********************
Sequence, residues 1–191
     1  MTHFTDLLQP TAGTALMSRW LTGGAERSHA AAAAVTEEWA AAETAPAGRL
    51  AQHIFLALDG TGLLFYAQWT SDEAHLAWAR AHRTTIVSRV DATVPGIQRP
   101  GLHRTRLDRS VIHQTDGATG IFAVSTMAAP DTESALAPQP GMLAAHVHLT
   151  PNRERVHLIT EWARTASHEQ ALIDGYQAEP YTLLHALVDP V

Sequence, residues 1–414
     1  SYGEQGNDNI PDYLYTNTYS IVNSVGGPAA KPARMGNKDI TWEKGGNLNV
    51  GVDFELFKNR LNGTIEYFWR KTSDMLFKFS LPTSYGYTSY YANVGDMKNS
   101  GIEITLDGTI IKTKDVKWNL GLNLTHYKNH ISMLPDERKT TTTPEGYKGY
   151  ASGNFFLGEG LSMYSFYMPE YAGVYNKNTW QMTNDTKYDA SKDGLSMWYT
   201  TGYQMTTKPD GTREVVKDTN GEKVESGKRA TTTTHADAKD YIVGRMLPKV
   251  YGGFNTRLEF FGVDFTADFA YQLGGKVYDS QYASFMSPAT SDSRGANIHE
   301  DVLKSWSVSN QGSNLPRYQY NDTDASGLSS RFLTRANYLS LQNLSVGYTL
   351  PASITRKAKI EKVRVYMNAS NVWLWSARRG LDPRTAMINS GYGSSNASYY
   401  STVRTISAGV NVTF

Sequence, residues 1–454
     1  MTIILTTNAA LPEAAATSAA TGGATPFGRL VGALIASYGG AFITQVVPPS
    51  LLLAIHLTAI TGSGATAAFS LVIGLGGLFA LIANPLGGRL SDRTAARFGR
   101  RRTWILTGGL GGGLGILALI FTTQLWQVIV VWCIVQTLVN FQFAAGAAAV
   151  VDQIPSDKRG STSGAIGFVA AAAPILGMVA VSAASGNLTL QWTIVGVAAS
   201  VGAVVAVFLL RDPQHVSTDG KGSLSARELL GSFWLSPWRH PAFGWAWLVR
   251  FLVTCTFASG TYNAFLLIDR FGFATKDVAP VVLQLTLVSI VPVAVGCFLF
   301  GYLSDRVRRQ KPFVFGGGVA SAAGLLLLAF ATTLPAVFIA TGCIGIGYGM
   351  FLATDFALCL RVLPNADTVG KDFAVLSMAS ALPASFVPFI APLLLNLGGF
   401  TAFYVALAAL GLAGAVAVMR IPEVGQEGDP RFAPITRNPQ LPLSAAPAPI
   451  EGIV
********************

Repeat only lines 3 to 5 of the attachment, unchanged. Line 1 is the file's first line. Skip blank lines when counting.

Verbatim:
    51  AQHIFLALDG TGLLFYAQWT SDEAHLAWAR AHRTTIVSRV DATVPGIQRP
   101  GLHRTRLDRS VIHQTDGATG IFAVSTMAAP DTESALAPQP GMLAAHVHLT
   151  PNRERVHLIT EWARTASHEQ ALIDGYQAEP YTLLHALVDP V